Russ Housley observed that in some cases hardware was added to improve performance, and asked what the cost impact of that is. Hannes Tschofenig replied that it depends on the capability of the hardware being added; you can get a crypto accelerator for $1 per chip which would help some, but you could also get a trusted execution environment for $10 per chip. How much to spend on the security depends on the cost points of specific units and the volume produced. Russ Housley added that it would be nice to know where that line is drawn.

Hannes Tschofenig noted that there was a vulnerability in a home router found back in 2002 for which a patch was developed, but the patch was not distributed along the value chain of chip manufacturers. There is risk in having devices that never get updated; Hannes referred to Bruce Schneier’s article, “The Internet of Things Is Wildly Insecure—And Often Unpatchable”  on this topic from last year. Dave Thaler observed that automatic updates are less available for IOT devices, especially if the user wants reasonable authentication of the code.

Hannes Tschofenig offered the following security recommendations:

  • Follow key length recommendations
  • Always encrypt to improve resistance against pervasive monitoring
  • Support automatic key management instead of relying on manually provisioned keys
  • To support crypto-algorithm agility, consider updating the cryptographic library
  • Leave enough head room for software updates
  • Follow protocol-specific recommendations such as those for DTLS/TLS.

Hannes Tschofenig reported that there is ongoing work on this topic in the IRTF’s Crypto Forum Research Group (CFRG), as well as in the IETF’s DTLS In Constrained Environments (DICE) Working Group. Dave Thaler asked if there is anything missing that the IETF should be working on. Hannes replied that interoperability testing and documenting how the various mechanisms work, as in the Light-Weight Implementation Guidance (LWIG) Working Group, would be helpful.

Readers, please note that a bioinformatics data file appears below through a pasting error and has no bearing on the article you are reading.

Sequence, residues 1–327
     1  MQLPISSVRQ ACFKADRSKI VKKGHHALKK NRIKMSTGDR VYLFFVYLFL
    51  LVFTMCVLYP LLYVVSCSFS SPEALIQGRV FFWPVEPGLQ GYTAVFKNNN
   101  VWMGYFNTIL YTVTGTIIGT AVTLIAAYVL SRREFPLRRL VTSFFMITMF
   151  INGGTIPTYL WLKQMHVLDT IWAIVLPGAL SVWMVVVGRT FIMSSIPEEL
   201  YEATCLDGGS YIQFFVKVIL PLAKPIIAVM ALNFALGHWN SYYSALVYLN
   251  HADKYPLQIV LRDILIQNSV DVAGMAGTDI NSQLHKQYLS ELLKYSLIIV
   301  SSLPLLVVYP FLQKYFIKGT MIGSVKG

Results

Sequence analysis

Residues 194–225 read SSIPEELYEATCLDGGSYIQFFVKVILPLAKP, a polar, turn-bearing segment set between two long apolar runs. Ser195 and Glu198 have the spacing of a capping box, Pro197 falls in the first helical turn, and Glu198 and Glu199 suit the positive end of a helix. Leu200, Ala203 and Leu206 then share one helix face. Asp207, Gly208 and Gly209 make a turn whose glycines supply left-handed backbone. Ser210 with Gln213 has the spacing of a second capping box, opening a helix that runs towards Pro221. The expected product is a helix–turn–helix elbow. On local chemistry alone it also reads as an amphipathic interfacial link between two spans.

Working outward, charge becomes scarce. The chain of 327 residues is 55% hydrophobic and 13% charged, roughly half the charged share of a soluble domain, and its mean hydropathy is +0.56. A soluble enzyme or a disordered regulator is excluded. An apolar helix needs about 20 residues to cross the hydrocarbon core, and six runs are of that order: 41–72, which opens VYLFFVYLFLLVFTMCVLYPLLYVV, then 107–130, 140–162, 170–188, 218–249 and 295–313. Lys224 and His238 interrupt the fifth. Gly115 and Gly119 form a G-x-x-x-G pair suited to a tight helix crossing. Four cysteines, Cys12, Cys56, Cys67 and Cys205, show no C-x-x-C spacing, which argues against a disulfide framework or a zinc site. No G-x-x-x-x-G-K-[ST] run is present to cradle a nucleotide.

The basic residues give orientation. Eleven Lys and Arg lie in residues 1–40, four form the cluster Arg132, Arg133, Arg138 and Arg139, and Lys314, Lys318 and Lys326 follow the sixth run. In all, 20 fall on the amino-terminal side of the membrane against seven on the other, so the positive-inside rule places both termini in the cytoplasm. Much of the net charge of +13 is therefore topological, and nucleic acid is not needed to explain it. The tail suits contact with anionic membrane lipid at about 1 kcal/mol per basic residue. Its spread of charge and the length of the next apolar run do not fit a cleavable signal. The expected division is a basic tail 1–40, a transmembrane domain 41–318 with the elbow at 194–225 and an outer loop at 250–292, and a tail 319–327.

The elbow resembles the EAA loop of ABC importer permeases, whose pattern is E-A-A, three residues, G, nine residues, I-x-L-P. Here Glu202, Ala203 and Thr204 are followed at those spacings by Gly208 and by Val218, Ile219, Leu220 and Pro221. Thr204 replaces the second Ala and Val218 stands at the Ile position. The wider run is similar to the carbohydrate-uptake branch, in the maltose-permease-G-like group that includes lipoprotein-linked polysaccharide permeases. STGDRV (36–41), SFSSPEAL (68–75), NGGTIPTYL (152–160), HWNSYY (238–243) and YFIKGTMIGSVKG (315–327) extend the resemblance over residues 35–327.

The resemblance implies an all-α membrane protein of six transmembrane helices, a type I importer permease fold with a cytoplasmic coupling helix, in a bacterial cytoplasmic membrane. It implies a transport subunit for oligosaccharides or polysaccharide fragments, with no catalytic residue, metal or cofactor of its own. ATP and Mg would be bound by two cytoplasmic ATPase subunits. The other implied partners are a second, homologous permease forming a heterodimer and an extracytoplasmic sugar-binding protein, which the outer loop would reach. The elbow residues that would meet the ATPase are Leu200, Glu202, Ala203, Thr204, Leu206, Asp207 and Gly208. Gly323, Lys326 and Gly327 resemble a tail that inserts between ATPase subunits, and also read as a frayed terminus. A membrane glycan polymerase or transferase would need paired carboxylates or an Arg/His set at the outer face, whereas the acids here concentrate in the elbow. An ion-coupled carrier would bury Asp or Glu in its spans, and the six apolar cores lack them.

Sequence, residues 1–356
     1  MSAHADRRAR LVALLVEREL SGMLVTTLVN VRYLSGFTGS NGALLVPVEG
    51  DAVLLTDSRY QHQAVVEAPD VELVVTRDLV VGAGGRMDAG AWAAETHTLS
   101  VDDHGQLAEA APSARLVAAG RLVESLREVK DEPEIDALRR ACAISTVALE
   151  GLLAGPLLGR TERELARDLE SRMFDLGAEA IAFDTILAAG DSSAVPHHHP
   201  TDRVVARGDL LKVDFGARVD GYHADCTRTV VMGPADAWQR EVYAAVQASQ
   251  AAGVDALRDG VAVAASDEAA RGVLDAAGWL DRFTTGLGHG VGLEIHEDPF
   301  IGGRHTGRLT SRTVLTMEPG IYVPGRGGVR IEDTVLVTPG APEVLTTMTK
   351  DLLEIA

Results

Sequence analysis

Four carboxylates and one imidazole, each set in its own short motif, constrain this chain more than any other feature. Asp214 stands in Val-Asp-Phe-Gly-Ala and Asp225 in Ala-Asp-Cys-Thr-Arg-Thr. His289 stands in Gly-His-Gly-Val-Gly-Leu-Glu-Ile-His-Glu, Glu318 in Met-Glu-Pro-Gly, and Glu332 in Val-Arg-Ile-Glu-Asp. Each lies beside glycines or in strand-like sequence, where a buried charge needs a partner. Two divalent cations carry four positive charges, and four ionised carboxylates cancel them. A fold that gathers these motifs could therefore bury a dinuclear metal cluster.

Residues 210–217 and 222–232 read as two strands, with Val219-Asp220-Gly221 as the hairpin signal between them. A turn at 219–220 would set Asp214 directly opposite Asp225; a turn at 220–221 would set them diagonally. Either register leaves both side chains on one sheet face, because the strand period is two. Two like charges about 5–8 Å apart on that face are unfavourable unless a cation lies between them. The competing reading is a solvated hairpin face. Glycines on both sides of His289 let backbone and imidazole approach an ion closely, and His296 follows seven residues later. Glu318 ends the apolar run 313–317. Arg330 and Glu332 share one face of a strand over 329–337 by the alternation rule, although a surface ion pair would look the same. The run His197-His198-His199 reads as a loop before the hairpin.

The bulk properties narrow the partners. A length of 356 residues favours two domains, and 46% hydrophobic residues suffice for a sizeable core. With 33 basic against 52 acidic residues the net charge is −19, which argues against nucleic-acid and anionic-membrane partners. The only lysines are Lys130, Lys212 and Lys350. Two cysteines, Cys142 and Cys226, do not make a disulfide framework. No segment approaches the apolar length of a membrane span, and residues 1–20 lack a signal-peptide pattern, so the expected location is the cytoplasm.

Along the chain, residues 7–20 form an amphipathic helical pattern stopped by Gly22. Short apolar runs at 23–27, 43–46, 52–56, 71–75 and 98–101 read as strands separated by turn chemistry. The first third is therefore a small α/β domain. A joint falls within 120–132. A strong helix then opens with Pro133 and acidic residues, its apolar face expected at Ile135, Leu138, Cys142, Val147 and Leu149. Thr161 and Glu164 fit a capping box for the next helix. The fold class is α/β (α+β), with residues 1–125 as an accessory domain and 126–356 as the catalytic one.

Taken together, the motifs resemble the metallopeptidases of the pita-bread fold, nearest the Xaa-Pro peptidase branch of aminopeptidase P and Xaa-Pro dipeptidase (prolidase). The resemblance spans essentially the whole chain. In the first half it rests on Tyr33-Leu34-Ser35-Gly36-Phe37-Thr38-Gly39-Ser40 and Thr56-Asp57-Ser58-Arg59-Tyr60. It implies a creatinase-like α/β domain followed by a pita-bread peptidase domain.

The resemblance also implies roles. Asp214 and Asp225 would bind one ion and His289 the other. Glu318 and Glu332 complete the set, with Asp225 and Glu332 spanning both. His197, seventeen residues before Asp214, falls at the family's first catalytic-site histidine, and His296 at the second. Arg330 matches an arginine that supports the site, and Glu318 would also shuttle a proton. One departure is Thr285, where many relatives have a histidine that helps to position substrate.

Hannes Tschofenig concluded that there is a lot of innovation happening in IOT, and most of it is being driven by smaller companies. Since the resources of smaller companies are more limited, especially with respect to security and privacy, there is a concern that the infrastructure being built now for the future is insecure. He added that to offer security for IOT deployments, many of the existing Internet security standards can be re-used. The availability of high-quality code and easy to use tools will be essential.

The IAB thanked Hannes Tschofenig for his presentation, which can be viewed online at:

3. Internationalization Statement

The IAB will continue to work on the Internationalization statement via email.

4. draft-flanagan-rfc-preservation

The IAB agreed to accept draft-flanagan-rfc-preservation as an IAB-stream document. Heather Flanagan will post the next version as draft-iab-rfc-preservation.

5. Other Business

There was no other business, and the meeting was adjourned.